Quotations: command, strategy and warfare

These World War I quotations about command, strategy and methods of warfare have been compiled by Alpha History authors. They feature statements from contemporary figures, political leaders, military commanders, service personnel, anti-war campaigners and historians of World War I. We will update this page with new quotes from time to time. If you would like to suggest a quotation, please contact us.

“In western Europe, the military machine, with its thousands of wheels, costing millions to maintain, cannot stand still for long. One cannot fight a war for one or two years, from position to position, in 12 day long battles until both combatants are completely exhausted and weakened and forced to sue for peace. We must attempt to defeat our enemies quickly and decisively.”
Count von Schlieffen, German strategist, 1905

“In the eyes of many later German commanders, the failure [of the Schlieffen Plan] was not a reflection of an overly ambitious campaign objective or the prevailing battlefield conditions – it was the result of excessive caution and a failure to press the attack on Paris, with every possible means, in the hope of clinching the decisive success. The lesson seemed justified by the first campaigns of World War Two and formed a new cult of the offensive.”
David Stahel, historian

“The war was decided in the first 20¬†days of fighting. All that happened afterwards consisted in battles which, however formidable and devastating, were but desperate and vain appeals against the decision of Fate.”
Winston Churchill

“Lions led by donkeys.”
Unknown German officer, describing British troops

“The [Russo-Japanese War of 1904-5] showed over and over again that the bayonet was in no sense an obsolete weapon, and that fire alone could not always suffice to move from position a determined and well-disciplined enemy… The assault is of even more importance than the attainment of fire mastery which follows. It is the supreme moment of the fight. Upon it, the final issue depends.”
Edward Altham, British major general

“The bayonet isn’t as important as it used to be. It’s more usual now to go into the attack with hand-grenades and your entrenching tool. The sharpened spade is a lighter and more versatile weapon… not only can you get a man under the chin, but more to the point, you can strike a blow with a lot more force behind it. That’s especially true if you can bring it down diagonally between the neck and the shoulder, because then you can split down as far as the chest. When you put a bayonet in, it can stick, and you have to give the other man a hefty kick in the guts to get it out.”
Erich Maria Remarque, German soldier and writer

“War essentially the triumph, not of a chassepot [French rifle] over a needle gun, not of a line of men entrenched behind wire entanglements… but of one will over a weaker will.”
Sir Ian Hamilton, British general

“So long as the opposing forces are at the outset approximately equal in numbers and moral and there are no flanks to turn, a long struggle for supremacy is inevitable.”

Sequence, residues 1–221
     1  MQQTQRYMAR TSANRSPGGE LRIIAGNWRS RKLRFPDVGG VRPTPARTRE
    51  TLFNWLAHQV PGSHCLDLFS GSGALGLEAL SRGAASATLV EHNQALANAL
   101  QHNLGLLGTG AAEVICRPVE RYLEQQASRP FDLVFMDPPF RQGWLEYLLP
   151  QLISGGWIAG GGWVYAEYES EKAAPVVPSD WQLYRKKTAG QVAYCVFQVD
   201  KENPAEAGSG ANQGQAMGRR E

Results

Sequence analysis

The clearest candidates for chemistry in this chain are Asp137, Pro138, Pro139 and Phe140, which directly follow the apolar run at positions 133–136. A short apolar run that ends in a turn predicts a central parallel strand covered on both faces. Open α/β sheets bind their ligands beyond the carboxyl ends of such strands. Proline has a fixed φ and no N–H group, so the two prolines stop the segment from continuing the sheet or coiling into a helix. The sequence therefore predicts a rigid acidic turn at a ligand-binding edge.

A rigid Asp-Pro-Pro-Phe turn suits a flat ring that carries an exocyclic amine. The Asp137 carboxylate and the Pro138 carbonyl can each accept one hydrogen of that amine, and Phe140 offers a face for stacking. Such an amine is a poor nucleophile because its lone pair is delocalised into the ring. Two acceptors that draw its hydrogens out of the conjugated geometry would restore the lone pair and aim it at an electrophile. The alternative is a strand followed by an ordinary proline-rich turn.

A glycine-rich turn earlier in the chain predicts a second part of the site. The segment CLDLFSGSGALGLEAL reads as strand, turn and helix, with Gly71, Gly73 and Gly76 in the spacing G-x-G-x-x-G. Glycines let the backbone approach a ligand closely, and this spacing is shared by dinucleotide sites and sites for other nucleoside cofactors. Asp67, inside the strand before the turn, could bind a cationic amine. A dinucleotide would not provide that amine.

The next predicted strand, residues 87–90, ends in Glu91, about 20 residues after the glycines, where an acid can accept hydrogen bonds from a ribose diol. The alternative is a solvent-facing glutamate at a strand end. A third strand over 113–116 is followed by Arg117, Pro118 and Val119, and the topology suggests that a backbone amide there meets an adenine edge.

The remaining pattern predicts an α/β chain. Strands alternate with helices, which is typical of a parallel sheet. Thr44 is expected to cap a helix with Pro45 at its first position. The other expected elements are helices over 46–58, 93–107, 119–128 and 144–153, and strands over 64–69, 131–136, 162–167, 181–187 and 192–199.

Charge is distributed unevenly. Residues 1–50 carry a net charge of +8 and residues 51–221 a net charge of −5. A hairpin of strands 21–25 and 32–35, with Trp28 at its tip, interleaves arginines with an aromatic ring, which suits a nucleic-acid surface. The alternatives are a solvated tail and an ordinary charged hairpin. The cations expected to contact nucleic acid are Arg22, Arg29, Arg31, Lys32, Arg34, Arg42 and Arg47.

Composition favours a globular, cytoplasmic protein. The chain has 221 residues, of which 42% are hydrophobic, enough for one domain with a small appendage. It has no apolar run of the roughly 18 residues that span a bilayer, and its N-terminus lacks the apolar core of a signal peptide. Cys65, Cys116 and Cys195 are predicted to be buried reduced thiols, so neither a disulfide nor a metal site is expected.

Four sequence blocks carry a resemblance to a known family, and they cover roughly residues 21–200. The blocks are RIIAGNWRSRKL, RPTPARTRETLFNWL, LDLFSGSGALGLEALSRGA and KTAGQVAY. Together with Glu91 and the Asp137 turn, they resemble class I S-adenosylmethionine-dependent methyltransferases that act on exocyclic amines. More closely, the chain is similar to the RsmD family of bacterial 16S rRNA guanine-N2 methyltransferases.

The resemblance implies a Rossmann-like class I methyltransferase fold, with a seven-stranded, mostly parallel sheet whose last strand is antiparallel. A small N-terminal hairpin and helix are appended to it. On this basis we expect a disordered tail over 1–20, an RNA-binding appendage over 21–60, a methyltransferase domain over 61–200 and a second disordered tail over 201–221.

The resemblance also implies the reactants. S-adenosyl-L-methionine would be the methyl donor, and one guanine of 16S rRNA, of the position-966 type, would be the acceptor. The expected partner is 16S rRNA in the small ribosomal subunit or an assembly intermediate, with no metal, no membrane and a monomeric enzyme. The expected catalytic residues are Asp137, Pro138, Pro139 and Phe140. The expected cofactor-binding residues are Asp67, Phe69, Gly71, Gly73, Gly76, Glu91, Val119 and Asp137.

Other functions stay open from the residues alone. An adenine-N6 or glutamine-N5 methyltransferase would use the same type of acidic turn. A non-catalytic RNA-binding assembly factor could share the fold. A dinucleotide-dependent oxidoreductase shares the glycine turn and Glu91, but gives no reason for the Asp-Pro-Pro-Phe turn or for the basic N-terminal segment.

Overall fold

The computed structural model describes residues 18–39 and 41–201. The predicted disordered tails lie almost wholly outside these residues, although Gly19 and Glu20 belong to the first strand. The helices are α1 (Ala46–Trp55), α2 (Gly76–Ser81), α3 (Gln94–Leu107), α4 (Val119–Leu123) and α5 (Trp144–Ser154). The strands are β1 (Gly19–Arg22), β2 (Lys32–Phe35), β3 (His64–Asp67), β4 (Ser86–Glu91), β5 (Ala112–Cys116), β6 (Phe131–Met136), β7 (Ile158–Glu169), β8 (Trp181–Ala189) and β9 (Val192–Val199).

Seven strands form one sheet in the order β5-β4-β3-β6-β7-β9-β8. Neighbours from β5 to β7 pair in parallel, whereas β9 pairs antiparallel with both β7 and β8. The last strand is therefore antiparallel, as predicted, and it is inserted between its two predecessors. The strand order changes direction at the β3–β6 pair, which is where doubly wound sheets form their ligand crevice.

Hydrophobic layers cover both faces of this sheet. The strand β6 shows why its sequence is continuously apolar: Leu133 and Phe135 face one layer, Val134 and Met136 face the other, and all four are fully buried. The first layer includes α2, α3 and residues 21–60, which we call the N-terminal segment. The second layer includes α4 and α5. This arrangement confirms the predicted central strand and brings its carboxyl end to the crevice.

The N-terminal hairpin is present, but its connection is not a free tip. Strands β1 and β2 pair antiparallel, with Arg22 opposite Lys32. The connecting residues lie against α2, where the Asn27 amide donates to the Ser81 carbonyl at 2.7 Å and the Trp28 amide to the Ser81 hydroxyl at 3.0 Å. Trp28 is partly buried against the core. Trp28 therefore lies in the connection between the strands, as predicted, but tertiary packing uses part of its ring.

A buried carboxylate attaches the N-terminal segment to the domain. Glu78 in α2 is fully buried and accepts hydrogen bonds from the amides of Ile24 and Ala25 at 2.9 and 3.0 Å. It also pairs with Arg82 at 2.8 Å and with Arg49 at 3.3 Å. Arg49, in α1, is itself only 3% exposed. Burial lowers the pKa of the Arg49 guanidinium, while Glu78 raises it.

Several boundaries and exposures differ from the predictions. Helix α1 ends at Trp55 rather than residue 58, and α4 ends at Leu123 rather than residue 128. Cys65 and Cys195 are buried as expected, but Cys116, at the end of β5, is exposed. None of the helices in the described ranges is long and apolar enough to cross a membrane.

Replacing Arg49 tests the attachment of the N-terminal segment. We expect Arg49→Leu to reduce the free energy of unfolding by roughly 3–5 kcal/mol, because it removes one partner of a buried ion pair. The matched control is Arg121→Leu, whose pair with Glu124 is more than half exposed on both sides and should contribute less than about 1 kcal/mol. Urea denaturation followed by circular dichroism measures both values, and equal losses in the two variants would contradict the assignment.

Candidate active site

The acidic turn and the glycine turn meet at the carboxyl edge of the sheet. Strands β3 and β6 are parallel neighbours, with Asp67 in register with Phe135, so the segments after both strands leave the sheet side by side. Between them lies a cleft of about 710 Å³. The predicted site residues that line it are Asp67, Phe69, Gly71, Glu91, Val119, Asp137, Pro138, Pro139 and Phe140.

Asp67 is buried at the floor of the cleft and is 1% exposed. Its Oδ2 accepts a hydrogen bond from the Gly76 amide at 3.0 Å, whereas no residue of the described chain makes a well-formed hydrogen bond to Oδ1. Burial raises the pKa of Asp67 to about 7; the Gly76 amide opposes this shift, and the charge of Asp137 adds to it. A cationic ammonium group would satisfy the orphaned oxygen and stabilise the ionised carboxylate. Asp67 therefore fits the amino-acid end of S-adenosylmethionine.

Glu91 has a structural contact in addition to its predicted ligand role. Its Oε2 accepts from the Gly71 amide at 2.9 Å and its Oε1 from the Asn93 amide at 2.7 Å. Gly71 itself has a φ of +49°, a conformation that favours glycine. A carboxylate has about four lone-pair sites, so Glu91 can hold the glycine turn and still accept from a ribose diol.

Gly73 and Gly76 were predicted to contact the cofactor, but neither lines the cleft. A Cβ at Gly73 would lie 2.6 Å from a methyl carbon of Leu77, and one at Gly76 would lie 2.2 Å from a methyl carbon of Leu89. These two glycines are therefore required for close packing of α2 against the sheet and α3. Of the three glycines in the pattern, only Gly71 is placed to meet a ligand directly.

General Sir Douglas Haig, British commander

“The strain on France has almost reached breaking point, though it is certainly borne with the most remarkable devotion. If we succeed in opening the eyes of her people to the fact that in a military sense they have nothing more to hope for, that breaking point would be reached, and England’s best sword knocked out of her hand.”
Erich von Falkenhayn, German general, 1915

“The training of the [British] infantry was clearly behind that of the German. The superficially trained British were particularly clumsy in the movement of large masses… The strong, usually young and well armed British soldier followed his officers blindly, and the officers, active and personally brave, went ahead of their men into battle with great courage. But owing to insufficient training, they were not skilful in action.”
German army report on the Battle of the Somme, 1916

“We are puzzling our heads as to how best make use of them [tanks] and have not yet come to a decision. They are not going to take the British Army straight to Berlin, as some people image, but if properly used and skilfully handled by the detachments who work them, they may be very useful in taking trenches and strong points. Some people are rather too optimistic as to what these weapons will accomplish.”
Henry Rawlinson, British general, 1916

“Within their close corporation, there were rivalries, intrigues, perjuries and treacheries, like those of a medieval court… They worked late into the night – that is to say, they went back to their offices after dining at the mess… and kept their lights burning, and smoked more cigarettes, and rang each other up on the telephone with futile questions.”
Philip Gibbs, British war correspondent, on the general staff

“I believe that the war is being deliberately prolonged by those who have the power to end it. I believe that this war, upon which I entered as a war of defence and liberation, has now become a war of aggression and conquest.”
Siegfried Sassoon, British soldier and poet


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